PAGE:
The Lenovo Ideacentre 300 (90DA00LPUS) is a basic budget desktop PC that gets the job done with a simple feature-set and specs at a reasonably price.
- Good selection of I/O ports
- Middling performance
- Limited upgrade options
The Lenovo Ideacentre 300 is a basic budget desktop PC that gets the job done without much flair. The mid-tower design looks imposing on any desk, there’s a good selection of ports, and comes in for far much less than the competition. As configured, though, it doesn’t deliver mind-blowing performance, but it accomplishes simple tasks effortless, and offers few upgrade options, which is particularly notable considering 1TB of storage and 8GB of system memory (both upgradable).
This configuration similar to what you’ll find in other mid-size tower desktops. The Acer Aspire ATC-780-AMZi5 (our Editors’ Choice Budget Desktop PC) offers double the storage (2TB), includes roughly the same port offerings, and better overall performance.
While the Ideacentre 300 may not be the same size as the tiny Shuttle XPC Nano, it does measure almost the same to most mid-tower desktops, measuring 13.98 by 6.3 by 16.14 inches (HWD). The Acer Aspire ATC-780-AMZi5 measures 15.67 by 6.89 by 17.43 inches (HWD) and the Acer Aspire ATC-605-UB11 (15 by 7 by 16.5 inches), both are more similar in size and shape, though the Ideacentre is particularly compact.
The desktop’s whole body is black, and with the exception of the glossy plastic front panel, is made of aluminum. The front is slightly tapering forward, as opposed to all 90-degree corners, which adds just a little flair to what is otherwise a standard, black rectangle. Also bundled into the Lenovo 300 package are a basic keyboard and mouse, both of which are wired, black, and plastic. The monitor is bought separately, the 21.5-inch HP Pavilion 22cwa monitor is worth considering.
Connectivity is excellent, with plenty of I/O ports. The front panel holds two USB 3.0 ports, a headphone jack, a mic jack and a DVD±RW drive. On the back, there are two more USB 3.0 ports, two USB 2.0 ports, an HDMI ports, and a VGA port, should you find it necessary to connect to older monitors.
For connectivity, you may not necessarily need much more than what the system offers, but there is space for a few more video output options on the 300 including one PCI-E x 16 and two PCI-E x 1 slots. Wired Internet connectivity comes via an RJ-45 port, while wireless connectivity comes via 802.11 ac Wi-Fi and Bluetooth 4.0.
Where the extra size does help is storage: the diminutive Nano only includes a 32GB solid-state drive (SSD), while the Ideacentre 300 features a 1TB 7,200rpm hard drive. The Acer Aspire ATC-780-AMZi5 doubles the storage to include a 2TB hard drive, so the added storage makes sense. To access the internal peripherals, all you have to do is undo two screws on the rear to free the right side panel. There’s not much room in our unit as configured, with one free RAM slot representing more or less the entirety of expansion options.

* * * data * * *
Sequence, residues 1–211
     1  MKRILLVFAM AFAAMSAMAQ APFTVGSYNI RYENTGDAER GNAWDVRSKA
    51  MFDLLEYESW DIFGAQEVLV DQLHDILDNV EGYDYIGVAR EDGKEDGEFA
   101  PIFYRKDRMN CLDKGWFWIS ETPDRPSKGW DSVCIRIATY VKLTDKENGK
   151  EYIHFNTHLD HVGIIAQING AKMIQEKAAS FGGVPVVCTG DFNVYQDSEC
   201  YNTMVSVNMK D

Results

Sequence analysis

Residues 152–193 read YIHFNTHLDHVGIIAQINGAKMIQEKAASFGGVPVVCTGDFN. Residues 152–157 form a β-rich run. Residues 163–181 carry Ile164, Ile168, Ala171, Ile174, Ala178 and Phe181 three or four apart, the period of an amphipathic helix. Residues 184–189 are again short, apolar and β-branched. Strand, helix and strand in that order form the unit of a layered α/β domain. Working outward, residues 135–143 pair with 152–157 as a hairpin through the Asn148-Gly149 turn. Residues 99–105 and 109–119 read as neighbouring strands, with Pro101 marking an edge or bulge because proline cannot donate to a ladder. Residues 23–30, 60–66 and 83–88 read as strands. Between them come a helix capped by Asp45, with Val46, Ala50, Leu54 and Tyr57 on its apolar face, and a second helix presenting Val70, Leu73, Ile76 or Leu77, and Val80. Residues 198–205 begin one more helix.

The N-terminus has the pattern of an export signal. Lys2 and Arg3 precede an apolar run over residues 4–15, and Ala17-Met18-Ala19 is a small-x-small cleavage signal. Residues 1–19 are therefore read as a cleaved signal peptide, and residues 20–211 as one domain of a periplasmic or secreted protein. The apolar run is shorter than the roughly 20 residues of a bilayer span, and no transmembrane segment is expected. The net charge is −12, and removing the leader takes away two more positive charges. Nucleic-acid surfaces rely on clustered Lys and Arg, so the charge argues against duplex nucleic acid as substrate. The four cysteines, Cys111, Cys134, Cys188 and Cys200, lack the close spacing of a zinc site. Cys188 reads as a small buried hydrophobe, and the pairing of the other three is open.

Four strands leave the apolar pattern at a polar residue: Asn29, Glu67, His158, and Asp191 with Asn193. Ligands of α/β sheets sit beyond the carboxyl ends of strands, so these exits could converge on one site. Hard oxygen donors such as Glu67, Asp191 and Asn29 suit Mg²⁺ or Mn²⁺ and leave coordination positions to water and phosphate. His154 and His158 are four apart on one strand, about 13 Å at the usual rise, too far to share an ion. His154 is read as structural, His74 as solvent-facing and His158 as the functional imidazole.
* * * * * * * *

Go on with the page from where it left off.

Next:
The Ideacentre 300 is equipped with a 3.7GHz sixth-generation Intel Core i3-6100 processor, 8GB of memory, and integrated Intel HD Graphics 530. All these make it a moderately quick performer on most day-to-day tasks, including day-to-day tasks like editing in office apps, video conferencing, and web browsing.
If all you need is a basic, reliable desktop PC, configured to quickly finish basic projects, and offers good speed on most tasks thrown its way, then the Lenovo 300 is something you can look at. However, the Acer Aspire ATC-780-AMZi5 crunches solid numbers in terms of performance in the budget desktop PC category, with a sixth generation Intel Core i5-6400 processor (2.7GHz, upto 3.3GHz), 8GB DDR4 system memory and 2TB storage.
On a budget desktop, 3D and gaming performance are luxuries you can’t find here. But even given the inherent limitations, the 300 was still disappointing. It’s less powerful all around tan the competition, especially the Acer Aspire ATC-780-AMZi5. The integrated graphics engine, referred to as Intel HD 530 will Play some latest titles but with little eye candy.
For instance, if you plan on choking it around with GTA 5, the much you getting is ~21FPS in normal settings and 720p resolution. However, for the casual gamers who preach League of Legends and the likes, you can have your play at maximum settings and still enjoy smooth frame rates. Otherwise for a real gaming warrior, you’ll have to look upwards at the likes of the CyberpowerPC Gamer Ultra GUA3100A Gaming desktop.
The Lenovo Ideacentre 300 may be inexpensive, but it doesn’t really represent one of the better values out there. As configured, it is particularly good in some areas, offering enough storage, a few upgrade options, but performance falls on the middle-lane of the category. You’re getting a big, not tiny, form factor that would better justify slower performance or less impressive specs, as is the case with the miniature Shuttle XPS Nano.
The Acer Aspire ATC-780-AMZi5 remains our Editors’ Choice for budget desktops due to its affordability, super decent design, generous I/O offerings, and expansion options. Its an easy to recommend for anyone in the market for a basic, affordable desktop PC that will remain relevant for a few more years.